My name is Aliaksandr, my girlfriend from the Ukraine, Vera with her daughter Karina. They came last week or last Wednesday to Bristol.
Yeah, it took us 17 days to get through this process.
They had anxiety because they’ve been living in like a kind of refugee shelter.
You feel so stress for them and so that’s why we need to get a visa because she needs to see a doctor, Vera. Their application it takes so long. Especially for people whose English is not first language.
Yeah, it took them hours to do the application process. Well, I will say Ukrainian people they are nice, kind and happy, they are positive people. Many, many, many who are coming from Ukraine they are mothers with a child. They don’t need to scare them. Yeah yeah.
I’m absolutely so happy that my girlfriend and her daughter they came to Bristol and I do as much as I can for them to bring for them normal life. So not what is going on over there.
So like. Yeah.
Aliaksandr is a Ukrainian national living in Bristol who is now hosting his girlfriend and daughter who fled the war in Ukraine.
So my name’s Zelda, and I’m hosting a family five, waiting for them to come. I used to work in Ukraine, and I have many connections there. And so as soon as the war started, I was horrified by what was happening and after helping with some donations, helping with raising money I felt like, actually, I’d love to make a more tangible difference to someone or to a family.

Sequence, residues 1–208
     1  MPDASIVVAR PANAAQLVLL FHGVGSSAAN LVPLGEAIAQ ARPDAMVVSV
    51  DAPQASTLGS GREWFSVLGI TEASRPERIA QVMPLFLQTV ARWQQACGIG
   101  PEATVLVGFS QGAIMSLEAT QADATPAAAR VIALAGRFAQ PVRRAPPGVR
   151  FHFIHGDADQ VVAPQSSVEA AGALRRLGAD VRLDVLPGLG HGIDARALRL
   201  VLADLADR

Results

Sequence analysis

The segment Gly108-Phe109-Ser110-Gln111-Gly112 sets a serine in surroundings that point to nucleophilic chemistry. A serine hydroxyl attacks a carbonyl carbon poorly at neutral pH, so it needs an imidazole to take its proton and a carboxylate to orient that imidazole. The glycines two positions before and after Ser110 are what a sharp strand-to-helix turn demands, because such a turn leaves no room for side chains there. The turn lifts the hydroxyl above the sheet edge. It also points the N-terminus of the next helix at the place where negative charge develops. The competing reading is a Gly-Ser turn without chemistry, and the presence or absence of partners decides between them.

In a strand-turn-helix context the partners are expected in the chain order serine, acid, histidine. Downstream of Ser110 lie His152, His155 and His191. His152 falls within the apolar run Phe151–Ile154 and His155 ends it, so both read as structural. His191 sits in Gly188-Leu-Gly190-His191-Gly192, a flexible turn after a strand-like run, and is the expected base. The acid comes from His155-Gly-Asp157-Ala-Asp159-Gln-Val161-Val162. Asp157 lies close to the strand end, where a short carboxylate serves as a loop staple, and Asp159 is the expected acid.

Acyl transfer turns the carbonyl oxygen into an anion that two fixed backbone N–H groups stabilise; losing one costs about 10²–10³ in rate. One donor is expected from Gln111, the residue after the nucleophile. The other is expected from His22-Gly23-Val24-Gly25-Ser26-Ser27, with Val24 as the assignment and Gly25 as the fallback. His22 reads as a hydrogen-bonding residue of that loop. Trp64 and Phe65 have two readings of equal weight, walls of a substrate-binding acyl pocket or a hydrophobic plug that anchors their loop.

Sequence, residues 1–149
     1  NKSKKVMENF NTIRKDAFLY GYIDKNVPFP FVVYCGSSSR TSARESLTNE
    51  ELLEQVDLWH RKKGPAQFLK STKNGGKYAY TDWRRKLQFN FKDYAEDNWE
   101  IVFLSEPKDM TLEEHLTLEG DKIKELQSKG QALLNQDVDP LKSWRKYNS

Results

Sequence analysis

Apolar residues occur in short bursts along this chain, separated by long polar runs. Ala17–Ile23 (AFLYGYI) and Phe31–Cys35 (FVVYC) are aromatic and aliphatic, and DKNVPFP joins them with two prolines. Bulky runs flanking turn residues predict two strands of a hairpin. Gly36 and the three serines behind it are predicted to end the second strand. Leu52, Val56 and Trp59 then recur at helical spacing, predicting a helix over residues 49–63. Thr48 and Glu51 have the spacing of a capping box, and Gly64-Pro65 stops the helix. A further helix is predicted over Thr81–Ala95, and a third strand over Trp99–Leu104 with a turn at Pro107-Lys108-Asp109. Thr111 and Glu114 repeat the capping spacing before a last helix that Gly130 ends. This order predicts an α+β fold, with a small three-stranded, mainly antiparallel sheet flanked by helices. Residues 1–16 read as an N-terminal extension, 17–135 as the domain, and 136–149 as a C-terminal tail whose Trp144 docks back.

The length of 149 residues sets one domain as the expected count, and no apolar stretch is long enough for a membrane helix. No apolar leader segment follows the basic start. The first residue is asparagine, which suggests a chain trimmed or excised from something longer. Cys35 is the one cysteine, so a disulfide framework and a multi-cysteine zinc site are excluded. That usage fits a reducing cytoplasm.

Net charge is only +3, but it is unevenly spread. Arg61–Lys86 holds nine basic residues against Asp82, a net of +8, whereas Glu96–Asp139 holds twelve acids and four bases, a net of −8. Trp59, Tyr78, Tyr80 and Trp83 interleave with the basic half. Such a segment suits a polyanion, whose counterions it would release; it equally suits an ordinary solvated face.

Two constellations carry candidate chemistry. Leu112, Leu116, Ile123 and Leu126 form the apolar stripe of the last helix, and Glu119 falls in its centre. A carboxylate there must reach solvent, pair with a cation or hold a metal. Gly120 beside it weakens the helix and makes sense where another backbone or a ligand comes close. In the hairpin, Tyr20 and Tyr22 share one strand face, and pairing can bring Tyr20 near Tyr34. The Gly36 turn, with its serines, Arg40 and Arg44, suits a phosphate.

And so I connected with a lady I used to work with, and invited her to come. I’m so delighted that there’s going to be these support networks and options for the Ukrainians coming here. It just feels so, it’s so different the experience of getting the visa.
You know, I can see you’re all working really hard to make things ready for our new arrivals and make them welcome. School places, etcetera, how to help them with bank accounts, telephones all these things. I would say that what’s stopping you. You know, if it was you, wouldn’t you want someone to help you if it was your family sleeping on the floor of an air raid shelter? Your young children, not enough to eat, not clean water. You don’t know if they’re going to live the night.
Wouldn’t you want someone to help you? And if you would, then you need to help someone as well.
Zelda used to work in Bristol and was hoping to host a family of five as part of the #HomesForUkraine scheme.